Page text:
Whether it's keeping his horses, himself or the state of Maryland racing in top shape, Tim Keefe is getting results.
Following a quiet spring during the Preakness Meet at Pimlico, Keefe has gotten off to a sizzling start at Laurel Park's summer meet.
The 48-year-old native of Laurel won with six of his first 17 starters to lead all trainers through the first three weekends of the 24-day meet which opened July 1. He was victorious on five of the first seven racing days for an average win mutuel of $18.57, topped by Connemara Coast's $54.60 upset of stakes winners Noteworthy Peach and Mr Palmer in an optional claiming allowance July 10.
“Pimlico was a little bit slow and the horses are just kind of coming together at the right time that Laurel meet opened,” Keefe said. “I think there's certainly a benefit when you can walk right out of your stall and run, as well, but the horses that I've won with were coming along at the right time for the start of Laurel.”
Even with a stable that numbers 40 head at Laurel and a family that includes his wife, Rumsey, and their four children, Keefe's training regimen doesn't stop with the horses. He is also an accomplished triathlete, having competed in several events over the years including two at the full Ironman distance as fundraisers for different charities.
Keefe's first full Ironman, which consists of a 2.4-mile swim, 112-mile bike and 26.2-mile run, was the Revolution3 Triathlon in Sandusky, Ohio in September 2011 to benefit the Maryland Therapeutic Riding School and Thoroughbred Placement and Rescue, Inc. He finished in 11 hours and 42 minutes, well under the 17-hour time limit.
In December 2013, Keefe and his family traveled to Mexico where he improved his time to 11:15.08 in the Ironman Cozumel, competing to raise money for the Ulman Cancer Fund and the Foxie G Foundation for retired racehorses.
“I love swimming and I just love being active. When I stopped galloping in the morning I got unfit and I just wanted something else to do. I coupled that with the training for the Ironman and believe it or not it's a bit of a stress reliever, too, just to be able to get out and run and bike and do all that stuff,” he said. “I like to see how far I can push myself, so I thought I'll try the Ironman and see if I can do it, and I did it. It's kind of addictive.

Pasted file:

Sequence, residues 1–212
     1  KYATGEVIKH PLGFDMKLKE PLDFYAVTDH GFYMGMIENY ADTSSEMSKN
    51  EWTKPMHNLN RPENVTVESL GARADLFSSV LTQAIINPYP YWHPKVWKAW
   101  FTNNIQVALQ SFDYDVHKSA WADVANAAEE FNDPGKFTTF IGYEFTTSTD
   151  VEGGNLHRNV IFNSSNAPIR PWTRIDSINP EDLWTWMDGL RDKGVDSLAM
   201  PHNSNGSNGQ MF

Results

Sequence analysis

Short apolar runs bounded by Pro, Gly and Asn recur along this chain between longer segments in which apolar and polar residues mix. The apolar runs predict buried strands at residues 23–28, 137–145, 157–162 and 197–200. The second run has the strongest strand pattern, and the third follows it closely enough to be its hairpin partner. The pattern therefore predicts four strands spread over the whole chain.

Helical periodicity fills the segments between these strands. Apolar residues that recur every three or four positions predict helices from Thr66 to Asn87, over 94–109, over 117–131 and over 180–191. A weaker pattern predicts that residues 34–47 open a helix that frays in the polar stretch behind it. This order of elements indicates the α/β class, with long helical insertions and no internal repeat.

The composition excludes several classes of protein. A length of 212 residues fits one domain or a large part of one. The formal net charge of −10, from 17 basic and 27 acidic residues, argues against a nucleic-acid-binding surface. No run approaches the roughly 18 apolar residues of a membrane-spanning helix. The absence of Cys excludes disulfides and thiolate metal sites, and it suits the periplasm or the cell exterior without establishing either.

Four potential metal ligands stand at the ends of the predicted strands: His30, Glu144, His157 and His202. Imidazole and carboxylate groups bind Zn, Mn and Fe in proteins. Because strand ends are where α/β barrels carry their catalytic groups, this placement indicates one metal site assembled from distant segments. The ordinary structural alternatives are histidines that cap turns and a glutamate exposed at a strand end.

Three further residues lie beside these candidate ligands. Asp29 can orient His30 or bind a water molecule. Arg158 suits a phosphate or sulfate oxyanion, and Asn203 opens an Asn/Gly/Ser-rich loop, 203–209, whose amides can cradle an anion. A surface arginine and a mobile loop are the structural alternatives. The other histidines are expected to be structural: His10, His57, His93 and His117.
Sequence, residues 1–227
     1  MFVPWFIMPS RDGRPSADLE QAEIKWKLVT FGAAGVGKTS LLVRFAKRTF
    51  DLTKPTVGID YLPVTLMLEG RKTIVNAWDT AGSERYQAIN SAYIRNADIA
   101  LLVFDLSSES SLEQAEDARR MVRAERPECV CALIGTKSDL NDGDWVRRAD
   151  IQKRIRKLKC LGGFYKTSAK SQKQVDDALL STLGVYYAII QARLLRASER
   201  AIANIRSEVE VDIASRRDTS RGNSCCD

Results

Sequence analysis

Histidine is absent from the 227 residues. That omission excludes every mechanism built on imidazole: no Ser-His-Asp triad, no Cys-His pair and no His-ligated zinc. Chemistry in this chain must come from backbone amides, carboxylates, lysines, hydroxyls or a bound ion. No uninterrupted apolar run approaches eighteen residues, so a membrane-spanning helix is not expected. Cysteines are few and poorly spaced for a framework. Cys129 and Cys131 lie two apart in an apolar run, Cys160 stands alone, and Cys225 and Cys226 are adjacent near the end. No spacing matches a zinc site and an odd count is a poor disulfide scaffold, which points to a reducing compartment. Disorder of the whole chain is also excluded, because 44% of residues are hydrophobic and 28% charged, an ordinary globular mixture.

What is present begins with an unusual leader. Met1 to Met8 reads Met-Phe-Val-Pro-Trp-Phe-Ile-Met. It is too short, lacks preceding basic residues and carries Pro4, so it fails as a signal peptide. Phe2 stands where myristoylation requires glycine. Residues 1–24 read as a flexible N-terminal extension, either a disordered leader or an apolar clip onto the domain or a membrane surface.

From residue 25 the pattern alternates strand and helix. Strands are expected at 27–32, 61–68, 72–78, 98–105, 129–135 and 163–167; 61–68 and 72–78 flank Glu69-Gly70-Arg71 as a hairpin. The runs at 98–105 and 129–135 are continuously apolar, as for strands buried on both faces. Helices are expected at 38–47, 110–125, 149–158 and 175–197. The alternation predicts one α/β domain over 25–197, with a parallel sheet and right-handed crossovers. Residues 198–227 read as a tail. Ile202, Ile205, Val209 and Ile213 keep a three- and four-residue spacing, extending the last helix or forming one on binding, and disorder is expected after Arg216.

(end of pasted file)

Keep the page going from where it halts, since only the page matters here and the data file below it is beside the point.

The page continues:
“It's been great. I've thoroughly enjoyed doing it and I've been fortunate to be able to do it, too,” he added. “I've got a great wife and four great kids and I'm very, very fortunate. I've got good horses and really good owners to train for here in Maryland. Everything's going great right now.”
Beyond maintaining the health of his horses and himself, Keefe is also a key player in keeping Maryland's thoroughbred industry growing and thriving. A member of the Maryland Thoroughbred Horsemen's Association board since 2005, Keefe was elected as only its third president in 2014 while also serving as chairman of the Health and Welfare Committee.
Keefe is also president of the Maryland Horseman's Assistance Fund, vice president of Maryland Million Ltd. and active in numerous charitable endeavors. He is proud of the dramatic physical and financial improvements in the state's racing over recent years.
“It's good to be involved, doing a lot with the MTHA and all of its board members,” he said. “[We're] doing a lot of good right now, I think, for the sport.”
Keefe is approaching 500 career wins since he took out his trainer's license in 1993 after graduating from the University of Maryland with degrees in business and economics as one of the first recipients of the Maryland Thoroughbred Scholarship Fund. It was the natural progression for someone who grew up and worked around horses from a young age.